Monday, February 22, 2021

Q&A with Janet Stilson


Janet Stilson is the author of the new novel The Juice. A journalist, she lives in New York City.


Q: How did you come up with the idea for The Juice, and for your character Jarat Ellington?


A: The initial inspiration for Jarat came to me when I was at a cocktail party at the Museum of Natural History in New York. I believe it was a Discovery Channel celebration tied to one of its new programs. And I was there in my role as a journalist.


We were in the Rose Center, where models of planets are displayed. A young man emerged who seemed out of place in that particular social milieu. Mostly, people involved in the TV network business are fairly conservative dressers. But this guy had much longer, scragglier hair than anyone there, and he was carrying an elegant cane. He was of our “world,” but he wasn’t.


I had a sense that he was someone who probably went to a very good school and was from a wealthy family but was an outlier. He seemed like the sort of guy who would go up to a catered bar displaying so-so wine and convince the bartender to give him a glass of the really good stuff, hidden away for the big shots.


We didn’t speak. I don’t know who he was. But I fell in love with the sense of him.  

The whole novel was inspired more broadly by my work as a journalist, covering the business of media and advertising.  My job involved talking with a lot of executives at major media companies about what they are planning to do.


All of this was fertile ground for me as I imagined what it would be like to work inside large media companies a few decades into the future – and what they might create to amuse us; to get us to buy certain products, or believe certain “truths.”


Q: Did you know how the novel would end before you started writing it, or did you make many changes along the way?


A: Oh my goodness. Sooo many changes. This novel was something that evolved over several years. I like to joke that it was like swimming across the ocean. This is my first novel, and so I was learning the craft of novel writing at the same time I was harnessing a huge number of ideas for characters and storylines. It took me time to see the best structure, and the best ending.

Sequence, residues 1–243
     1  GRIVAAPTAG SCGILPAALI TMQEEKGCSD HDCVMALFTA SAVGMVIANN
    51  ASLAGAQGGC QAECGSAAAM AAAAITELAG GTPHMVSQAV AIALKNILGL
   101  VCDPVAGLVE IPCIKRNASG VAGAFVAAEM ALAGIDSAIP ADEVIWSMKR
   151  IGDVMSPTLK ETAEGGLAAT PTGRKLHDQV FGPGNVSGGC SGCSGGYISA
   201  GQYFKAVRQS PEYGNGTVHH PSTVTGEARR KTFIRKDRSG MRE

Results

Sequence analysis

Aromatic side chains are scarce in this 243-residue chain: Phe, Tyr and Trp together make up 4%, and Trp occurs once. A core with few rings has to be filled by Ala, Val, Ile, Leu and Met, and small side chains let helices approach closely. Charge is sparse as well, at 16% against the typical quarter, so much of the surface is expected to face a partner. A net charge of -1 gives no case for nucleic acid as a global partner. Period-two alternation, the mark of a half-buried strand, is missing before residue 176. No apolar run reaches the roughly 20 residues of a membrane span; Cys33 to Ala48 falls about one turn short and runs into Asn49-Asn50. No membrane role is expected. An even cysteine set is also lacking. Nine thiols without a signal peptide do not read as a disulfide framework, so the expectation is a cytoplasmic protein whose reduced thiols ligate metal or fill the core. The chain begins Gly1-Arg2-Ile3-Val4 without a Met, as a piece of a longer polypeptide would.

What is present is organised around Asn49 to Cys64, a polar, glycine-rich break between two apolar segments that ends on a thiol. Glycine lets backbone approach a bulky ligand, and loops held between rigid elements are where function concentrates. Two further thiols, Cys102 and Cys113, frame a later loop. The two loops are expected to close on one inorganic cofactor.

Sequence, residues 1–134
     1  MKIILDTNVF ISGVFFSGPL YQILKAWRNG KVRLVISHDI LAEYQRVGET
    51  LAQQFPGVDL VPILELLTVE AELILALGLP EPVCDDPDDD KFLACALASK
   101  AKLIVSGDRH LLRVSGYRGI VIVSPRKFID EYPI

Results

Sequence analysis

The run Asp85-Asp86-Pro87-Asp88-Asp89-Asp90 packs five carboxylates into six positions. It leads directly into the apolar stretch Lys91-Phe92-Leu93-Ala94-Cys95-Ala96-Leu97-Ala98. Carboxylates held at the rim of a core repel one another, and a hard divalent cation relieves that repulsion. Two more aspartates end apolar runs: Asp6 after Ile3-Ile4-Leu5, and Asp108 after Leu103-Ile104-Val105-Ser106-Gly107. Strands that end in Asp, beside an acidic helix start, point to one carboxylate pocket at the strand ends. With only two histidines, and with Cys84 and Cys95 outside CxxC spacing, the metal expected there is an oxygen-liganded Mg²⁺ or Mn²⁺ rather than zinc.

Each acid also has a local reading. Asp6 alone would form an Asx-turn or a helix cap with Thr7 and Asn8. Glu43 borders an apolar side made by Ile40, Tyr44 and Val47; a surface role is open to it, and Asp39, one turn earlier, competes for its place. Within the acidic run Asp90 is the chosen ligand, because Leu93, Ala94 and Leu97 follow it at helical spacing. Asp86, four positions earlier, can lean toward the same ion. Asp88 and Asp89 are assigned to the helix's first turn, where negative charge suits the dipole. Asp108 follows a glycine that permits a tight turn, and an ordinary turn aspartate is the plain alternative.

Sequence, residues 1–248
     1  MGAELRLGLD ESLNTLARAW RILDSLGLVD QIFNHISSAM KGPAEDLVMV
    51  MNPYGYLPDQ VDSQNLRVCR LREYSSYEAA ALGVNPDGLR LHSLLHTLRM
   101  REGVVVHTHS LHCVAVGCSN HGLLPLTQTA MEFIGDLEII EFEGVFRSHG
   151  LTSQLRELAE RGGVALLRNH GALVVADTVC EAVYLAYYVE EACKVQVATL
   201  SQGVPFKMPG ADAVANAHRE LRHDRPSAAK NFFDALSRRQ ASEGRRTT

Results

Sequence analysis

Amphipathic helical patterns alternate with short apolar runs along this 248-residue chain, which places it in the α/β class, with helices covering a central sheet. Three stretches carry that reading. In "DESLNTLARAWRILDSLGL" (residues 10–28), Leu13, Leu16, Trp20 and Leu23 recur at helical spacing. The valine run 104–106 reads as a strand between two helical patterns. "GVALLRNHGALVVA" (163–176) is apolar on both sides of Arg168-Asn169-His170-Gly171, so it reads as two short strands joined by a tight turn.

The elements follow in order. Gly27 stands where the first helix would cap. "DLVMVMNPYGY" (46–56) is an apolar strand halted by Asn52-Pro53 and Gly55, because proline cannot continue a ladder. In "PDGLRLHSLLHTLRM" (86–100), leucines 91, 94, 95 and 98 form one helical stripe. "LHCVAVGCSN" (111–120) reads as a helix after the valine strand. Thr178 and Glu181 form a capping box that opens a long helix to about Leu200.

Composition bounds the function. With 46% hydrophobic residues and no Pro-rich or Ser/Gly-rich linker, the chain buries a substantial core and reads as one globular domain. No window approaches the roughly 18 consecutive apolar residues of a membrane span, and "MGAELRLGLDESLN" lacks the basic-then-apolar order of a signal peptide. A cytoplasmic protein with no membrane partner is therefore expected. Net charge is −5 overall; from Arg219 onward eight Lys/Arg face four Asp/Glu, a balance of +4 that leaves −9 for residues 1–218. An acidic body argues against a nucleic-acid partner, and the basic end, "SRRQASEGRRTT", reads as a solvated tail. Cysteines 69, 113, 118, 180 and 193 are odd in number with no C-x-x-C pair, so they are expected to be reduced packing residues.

Q: The Publishers Weekly review of the book says, "Stilson creates a chilling world: the government brainwashes its citizens through subliminal messaging, and ubiquitous security cameras eliminate the concept of privacy." How did you create the world in which the book takes place?


A: It all goes back to my work covering media companies, watching as new tech innovations have emerged and creative content has evolved. I observed how certain governments around the world imposed restrictions on the information that people received, and how news is slanted by some media outlets to fit the narrative of powerful people.


And, of course, there are huge discussions today about what personal information tech companies can access and use. Subliminal messaging has been around for decades, and curbs have been placed on it. But it’s there as a possible tool.


So out of all that came some fun and scary “what if” scenarios. Like, what if people could program their mobiles to give them artificial dreams at night? What if those “dreamisodes” were served up by big media companies that embed certain messages in the storylines?


And what if there was a secret substance, called The Juice, that could transform mildly charming people into god-like presences, who had enough charisma to make anyone do just about anything?


Q: What do you hope readers take away from the story?


A: I hope that that it provokes new thoughts about the future of media and advertising. But at the same time, I hope people are thoroughly entertained. There’s a fair bit of humor, romance, and an espionage roller-coaster ride winding through the story. So this isn’t an “eat your spinach,” “learn about media” kind of tome.


Q: What are you working on now?


A: I’m writing a TV series pilot that’s also set in the future, with some fantasy mixed in. As with The Juice, it has to do with revealing deeply buried truths that are quite vital to the characters at the heart of the tale.


Q: Anything else we should know?


A: That I’m deeply grateful for this interview, Deborah! Thank you for inviting me to share the underpinnings of a world that’s deeply meaningful for me – and which was a great deal of fun to explore.


--Interview with Deborah Kalb

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